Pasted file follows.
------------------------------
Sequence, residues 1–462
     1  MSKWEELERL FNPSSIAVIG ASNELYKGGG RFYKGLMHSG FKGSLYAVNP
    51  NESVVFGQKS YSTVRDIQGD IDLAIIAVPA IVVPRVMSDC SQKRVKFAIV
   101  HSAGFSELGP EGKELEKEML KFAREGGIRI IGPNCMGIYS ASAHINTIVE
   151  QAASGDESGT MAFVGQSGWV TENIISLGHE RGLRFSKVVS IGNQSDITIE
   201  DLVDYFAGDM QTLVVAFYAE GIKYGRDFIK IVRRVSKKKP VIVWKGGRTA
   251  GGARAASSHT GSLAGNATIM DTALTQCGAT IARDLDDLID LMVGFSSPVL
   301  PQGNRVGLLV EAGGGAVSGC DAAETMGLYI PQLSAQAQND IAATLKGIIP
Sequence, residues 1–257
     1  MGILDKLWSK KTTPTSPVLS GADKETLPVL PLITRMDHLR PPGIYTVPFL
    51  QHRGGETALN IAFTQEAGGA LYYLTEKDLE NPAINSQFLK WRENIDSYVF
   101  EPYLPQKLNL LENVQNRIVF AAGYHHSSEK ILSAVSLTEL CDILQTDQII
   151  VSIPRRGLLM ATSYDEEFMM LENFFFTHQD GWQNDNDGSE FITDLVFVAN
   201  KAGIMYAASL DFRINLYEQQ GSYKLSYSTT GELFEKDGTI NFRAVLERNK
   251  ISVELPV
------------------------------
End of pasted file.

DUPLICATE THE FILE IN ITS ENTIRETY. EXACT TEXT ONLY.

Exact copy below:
Sequence, residues 1–462
     1  MSKWEELERL FNPSSIAVIG ASNELYKGGG RFYKGLMHSG FKGSLYAVNP
    51  NESVVFGQKS YSTVRDIQGD IDLAIIAVPA IVVPRVMSDC SQKRVKFAIV
   101  HSAGFSELGP EGKELEKEML KFAREGGIRI IGPNCMGIYS ASAHINTIVE
   151  QAASGDESGT MAFVGQSGWV TENIISLGHE RGLRFSKVVS IGNQSDITIE
   201  DLVDYFAGDM QTLVVAFYAE GIKYGRDFIK IVRRVSKKKP VIVWKGGRTA
   251  GGARAASSHT GSLAGNATIM DTALTQCGAT IARDLDDLID LMVGFSSPVL
   301  PQGNRVGLLV EAGGGAVSGC DAAETMGLYI PQLSAQAQND IAATLKGIIP
Sequence, residues 1–257
     1  MGILDKLWSK KTTPTSPVLS GADKETLPVL PLITRMDHLR PPGIYTVPFL
    51  QHRGGETALN IAFTQEAGGA LYYLTEKDLE NPAINSQFLK WRENIDSYVF
   101  EPYLPQKLNL LENVQNRIVF AAGYHHSSEK ILSAVSLTEL CDILQTDQII
   151  VSIPRRGLLM ATSYDEEFMM LENFFFTHQD GWQNDNDGSE FITDLVFVAN
   201  KAGIMYAASL DFRINLYEQQ GSYKLSYSTT GELFEKDGTI NFRAVLERNK
   251  ISVELPV